This is another post where I share technical details about a project I have been working on.
Sales executives within the company receive monthly commission checks based on active client employee counts and gross payroll, for clients that they have brought on. In addition, upper management needs to see high-level numbers such as active clients, active employee counts, and gross payrolls - dashboard-type information.
A easy-to-use tool to generate this information did not exist at a user level. Previously, upper management relied on IT or the Controller to generate this information and send it to them.
Through some personnel reorganization, the process for generating this report fell through the cracks. Salespeople were waiting for their commission checks for the previous month, so the project was both urgent and important.
As usual, this information needs to come from the multiple SQL Server databases the company uses to manage client information through the Darwin PEO System, a customized, version of Microsoft Great Plains for the Professional Employer Organization (PEO) industry.
I was asked to develop a tool that upper management can use to generate information themselves. Some of the application requirements and thoughts that guided the development:
- Let users pick the date range, click a button, and have the system produce a report.
- Develop the application quickly to meet the immediate needs of the organization, yet with the ability to be reused whenever upper management so desires.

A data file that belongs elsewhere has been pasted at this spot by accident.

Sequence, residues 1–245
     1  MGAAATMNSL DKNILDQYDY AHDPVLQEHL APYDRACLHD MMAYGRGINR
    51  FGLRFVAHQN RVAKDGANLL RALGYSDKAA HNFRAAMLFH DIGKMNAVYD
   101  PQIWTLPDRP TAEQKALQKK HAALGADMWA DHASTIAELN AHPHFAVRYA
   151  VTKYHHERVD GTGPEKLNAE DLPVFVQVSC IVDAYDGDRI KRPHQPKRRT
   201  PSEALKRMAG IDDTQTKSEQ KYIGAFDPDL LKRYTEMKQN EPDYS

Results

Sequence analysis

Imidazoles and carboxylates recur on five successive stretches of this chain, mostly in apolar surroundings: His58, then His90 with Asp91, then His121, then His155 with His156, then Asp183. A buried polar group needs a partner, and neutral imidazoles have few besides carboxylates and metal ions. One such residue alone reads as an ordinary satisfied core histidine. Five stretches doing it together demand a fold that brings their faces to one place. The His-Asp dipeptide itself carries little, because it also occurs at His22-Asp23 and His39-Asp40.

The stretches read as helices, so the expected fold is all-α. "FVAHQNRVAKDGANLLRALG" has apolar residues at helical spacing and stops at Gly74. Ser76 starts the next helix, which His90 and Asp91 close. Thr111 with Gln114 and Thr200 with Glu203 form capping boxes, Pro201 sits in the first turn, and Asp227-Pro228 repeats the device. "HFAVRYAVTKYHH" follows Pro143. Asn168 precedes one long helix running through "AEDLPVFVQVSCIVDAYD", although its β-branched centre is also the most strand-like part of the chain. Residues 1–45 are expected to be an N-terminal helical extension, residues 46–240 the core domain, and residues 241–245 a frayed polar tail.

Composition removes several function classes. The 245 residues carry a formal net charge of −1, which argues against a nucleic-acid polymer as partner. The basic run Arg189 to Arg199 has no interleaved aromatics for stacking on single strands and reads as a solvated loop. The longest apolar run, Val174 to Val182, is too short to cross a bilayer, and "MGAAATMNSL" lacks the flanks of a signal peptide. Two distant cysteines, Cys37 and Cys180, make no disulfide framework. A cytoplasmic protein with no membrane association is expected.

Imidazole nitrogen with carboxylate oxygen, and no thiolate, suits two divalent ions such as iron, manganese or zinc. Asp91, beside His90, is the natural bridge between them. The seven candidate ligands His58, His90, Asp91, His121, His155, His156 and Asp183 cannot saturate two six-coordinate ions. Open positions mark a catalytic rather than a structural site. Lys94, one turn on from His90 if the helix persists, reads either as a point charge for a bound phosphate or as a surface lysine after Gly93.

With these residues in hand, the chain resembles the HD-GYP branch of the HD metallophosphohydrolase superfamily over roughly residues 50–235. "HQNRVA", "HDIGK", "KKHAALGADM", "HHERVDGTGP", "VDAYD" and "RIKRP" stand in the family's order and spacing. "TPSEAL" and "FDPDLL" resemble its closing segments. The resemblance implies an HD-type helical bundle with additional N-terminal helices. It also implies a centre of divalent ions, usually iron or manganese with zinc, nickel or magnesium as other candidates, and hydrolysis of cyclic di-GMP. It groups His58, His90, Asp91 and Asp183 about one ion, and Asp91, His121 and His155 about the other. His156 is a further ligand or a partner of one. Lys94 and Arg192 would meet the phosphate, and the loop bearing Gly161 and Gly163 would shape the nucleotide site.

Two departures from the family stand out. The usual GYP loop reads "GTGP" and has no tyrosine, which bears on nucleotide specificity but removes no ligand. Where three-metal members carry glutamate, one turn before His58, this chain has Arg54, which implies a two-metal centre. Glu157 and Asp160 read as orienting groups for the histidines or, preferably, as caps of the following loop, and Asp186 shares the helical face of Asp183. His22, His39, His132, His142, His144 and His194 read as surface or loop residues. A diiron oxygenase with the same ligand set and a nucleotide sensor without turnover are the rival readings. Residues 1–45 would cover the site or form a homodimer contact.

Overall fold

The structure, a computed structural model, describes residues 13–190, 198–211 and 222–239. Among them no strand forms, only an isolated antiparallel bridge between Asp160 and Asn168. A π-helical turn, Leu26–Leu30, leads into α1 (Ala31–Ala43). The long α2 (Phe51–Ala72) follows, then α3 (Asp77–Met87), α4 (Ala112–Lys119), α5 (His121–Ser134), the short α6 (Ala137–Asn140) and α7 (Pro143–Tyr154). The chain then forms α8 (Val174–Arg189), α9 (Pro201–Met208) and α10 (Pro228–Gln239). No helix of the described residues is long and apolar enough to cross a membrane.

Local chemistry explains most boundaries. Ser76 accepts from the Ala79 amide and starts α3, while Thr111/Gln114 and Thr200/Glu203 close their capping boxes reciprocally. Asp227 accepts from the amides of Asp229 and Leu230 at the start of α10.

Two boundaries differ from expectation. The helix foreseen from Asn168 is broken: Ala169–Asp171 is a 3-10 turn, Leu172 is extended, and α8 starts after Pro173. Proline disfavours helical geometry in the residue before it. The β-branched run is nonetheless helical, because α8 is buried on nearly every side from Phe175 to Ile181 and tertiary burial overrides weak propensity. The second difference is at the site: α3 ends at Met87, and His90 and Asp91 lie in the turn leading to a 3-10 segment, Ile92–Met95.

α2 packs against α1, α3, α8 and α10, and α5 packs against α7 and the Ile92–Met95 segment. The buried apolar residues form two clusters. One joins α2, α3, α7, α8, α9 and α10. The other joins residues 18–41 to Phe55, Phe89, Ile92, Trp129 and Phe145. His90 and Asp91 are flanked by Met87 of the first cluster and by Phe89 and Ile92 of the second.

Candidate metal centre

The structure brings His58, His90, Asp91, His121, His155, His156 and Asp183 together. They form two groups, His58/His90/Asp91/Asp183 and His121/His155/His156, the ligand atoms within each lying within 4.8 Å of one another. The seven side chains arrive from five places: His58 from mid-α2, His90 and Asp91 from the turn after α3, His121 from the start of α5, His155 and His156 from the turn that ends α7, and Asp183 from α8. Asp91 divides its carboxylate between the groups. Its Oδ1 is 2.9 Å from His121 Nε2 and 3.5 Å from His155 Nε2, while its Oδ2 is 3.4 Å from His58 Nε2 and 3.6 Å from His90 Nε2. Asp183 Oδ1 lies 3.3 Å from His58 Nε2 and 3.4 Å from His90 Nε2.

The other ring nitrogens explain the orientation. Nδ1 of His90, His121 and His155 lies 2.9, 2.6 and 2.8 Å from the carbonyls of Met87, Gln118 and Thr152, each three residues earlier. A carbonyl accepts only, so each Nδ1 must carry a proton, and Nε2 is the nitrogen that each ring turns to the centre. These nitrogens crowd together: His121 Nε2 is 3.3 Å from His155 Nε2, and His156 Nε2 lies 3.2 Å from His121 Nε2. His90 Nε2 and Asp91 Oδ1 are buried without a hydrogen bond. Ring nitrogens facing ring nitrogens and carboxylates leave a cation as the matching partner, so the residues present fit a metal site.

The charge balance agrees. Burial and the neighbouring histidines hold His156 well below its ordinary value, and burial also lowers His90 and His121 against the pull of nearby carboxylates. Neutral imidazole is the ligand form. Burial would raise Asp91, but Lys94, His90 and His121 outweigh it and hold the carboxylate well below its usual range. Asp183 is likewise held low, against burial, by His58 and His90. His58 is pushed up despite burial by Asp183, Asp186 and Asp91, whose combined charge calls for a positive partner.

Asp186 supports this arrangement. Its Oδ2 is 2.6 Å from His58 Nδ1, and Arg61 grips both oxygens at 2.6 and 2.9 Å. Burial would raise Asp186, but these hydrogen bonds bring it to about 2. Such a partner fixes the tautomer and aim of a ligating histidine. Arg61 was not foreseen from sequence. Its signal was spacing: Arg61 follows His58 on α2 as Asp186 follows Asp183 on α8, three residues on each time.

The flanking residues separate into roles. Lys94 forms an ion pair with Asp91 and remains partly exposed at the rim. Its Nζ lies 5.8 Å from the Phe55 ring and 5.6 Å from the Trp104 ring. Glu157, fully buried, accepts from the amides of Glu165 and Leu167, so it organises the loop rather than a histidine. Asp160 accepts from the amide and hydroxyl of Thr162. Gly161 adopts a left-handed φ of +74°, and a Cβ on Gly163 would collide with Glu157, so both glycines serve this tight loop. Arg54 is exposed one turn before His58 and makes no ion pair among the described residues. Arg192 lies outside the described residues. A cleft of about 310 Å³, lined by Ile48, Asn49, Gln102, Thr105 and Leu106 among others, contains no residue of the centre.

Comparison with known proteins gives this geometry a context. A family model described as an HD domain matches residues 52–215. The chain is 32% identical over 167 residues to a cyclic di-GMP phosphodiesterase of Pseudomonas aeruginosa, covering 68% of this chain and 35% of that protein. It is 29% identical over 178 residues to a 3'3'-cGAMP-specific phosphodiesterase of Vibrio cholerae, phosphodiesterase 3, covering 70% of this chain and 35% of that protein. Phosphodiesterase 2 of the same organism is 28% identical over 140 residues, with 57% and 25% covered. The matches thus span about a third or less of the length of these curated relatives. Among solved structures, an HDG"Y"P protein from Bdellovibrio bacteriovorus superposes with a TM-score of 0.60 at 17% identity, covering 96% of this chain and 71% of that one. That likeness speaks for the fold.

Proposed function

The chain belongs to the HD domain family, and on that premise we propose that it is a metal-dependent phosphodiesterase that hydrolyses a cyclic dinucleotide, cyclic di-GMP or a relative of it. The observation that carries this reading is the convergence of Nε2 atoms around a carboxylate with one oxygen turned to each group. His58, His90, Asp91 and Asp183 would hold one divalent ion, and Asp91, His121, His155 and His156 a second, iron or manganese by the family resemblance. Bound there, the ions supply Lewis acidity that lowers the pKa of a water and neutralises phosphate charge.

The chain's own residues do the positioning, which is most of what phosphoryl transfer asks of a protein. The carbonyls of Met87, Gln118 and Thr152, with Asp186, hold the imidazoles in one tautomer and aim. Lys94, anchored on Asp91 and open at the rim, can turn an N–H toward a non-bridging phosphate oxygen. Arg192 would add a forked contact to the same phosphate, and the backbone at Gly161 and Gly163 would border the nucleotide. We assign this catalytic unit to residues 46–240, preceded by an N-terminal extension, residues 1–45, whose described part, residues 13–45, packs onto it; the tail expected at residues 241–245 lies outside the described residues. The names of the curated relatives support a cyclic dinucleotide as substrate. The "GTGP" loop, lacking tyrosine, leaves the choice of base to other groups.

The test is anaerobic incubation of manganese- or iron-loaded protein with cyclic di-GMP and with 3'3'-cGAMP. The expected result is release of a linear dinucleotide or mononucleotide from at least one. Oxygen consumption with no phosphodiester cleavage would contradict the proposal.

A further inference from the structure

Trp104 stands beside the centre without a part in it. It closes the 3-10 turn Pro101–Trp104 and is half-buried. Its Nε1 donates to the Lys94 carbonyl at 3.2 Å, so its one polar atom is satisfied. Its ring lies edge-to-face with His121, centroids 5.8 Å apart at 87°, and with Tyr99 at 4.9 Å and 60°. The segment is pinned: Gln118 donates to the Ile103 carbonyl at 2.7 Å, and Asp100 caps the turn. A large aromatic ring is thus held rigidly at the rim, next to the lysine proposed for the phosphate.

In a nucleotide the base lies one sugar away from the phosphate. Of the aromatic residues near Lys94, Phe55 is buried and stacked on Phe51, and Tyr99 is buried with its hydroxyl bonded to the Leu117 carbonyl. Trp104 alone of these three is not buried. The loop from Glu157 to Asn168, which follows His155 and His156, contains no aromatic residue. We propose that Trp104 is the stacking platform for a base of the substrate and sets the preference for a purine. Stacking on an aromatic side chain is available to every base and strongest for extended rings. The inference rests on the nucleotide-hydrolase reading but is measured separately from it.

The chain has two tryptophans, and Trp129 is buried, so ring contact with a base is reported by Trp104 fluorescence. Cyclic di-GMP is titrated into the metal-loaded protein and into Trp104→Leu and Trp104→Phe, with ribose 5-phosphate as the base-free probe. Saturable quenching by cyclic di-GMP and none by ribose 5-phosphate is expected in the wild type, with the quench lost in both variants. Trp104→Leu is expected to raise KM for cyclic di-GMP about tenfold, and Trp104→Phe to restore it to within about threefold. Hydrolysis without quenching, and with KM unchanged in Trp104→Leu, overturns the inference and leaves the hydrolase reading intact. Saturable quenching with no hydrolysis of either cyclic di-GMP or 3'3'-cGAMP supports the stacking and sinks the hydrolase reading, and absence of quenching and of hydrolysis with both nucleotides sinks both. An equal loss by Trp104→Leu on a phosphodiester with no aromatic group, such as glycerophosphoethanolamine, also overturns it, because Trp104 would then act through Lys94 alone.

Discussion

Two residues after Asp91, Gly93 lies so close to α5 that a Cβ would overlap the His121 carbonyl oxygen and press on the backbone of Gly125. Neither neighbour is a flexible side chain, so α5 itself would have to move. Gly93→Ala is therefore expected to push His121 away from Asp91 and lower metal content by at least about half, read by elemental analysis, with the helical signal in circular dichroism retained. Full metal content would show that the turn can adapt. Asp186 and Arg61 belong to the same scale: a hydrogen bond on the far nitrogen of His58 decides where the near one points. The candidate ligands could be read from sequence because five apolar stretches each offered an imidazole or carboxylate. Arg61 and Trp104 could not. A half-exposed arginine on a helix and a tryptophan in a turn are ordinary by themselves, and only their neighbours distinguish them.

- Since upper management is most comfortable with Microsoft Excel and will want the data in a workbook anyway, use Excel Visual Basic for Applications (VBA)) and ActiveX Data Objects (ADO) within a single Excel workbook to produce the results.
- Choose Excel over Access because the application overhead is low (i.e., no need for tables, forms, reports, etc.).
- Since the company doesn't mark employees and clients as inactive in the system immediately when they are terminated, define an active employee during a date range as a paid employee.
- In addition to a paid employee count, obtain a total check count and gross payroll amount for each client during the date range.
- If an employee received a check and it wasn't voided, it counts.
- Take advantage of server-side processing to achieve the best performance.
I first developed the SQL statement to unite data across the twelve SQL databases, based on prior knowledge of where to find information. Then I wrapped the SQL statement up in a stored procedure, with start and end dates as parameters.
After testing the procedure with different date ranges to make sure the information was accurate and made sense, I moved on to the Excel piece. I wrote code in Excel VBA and ADO to execute the stored procedure and output the results to a worksheet in the workbook.
Once I had tweaked the completed application to make sure everything ran smoothly, I e-mailed it to the director who requested it.
Within a few minutes I received a phone call from her, telling me how awesome I am. She also sent the application to the owner of the company so that he can run the report as often as he wants.
Now they are able to generate the information in a matter of seconds themselves, versus waiting for the Controller or someone else in IT to generate it for them; or, even worse, spend hours compiling the information themselves.
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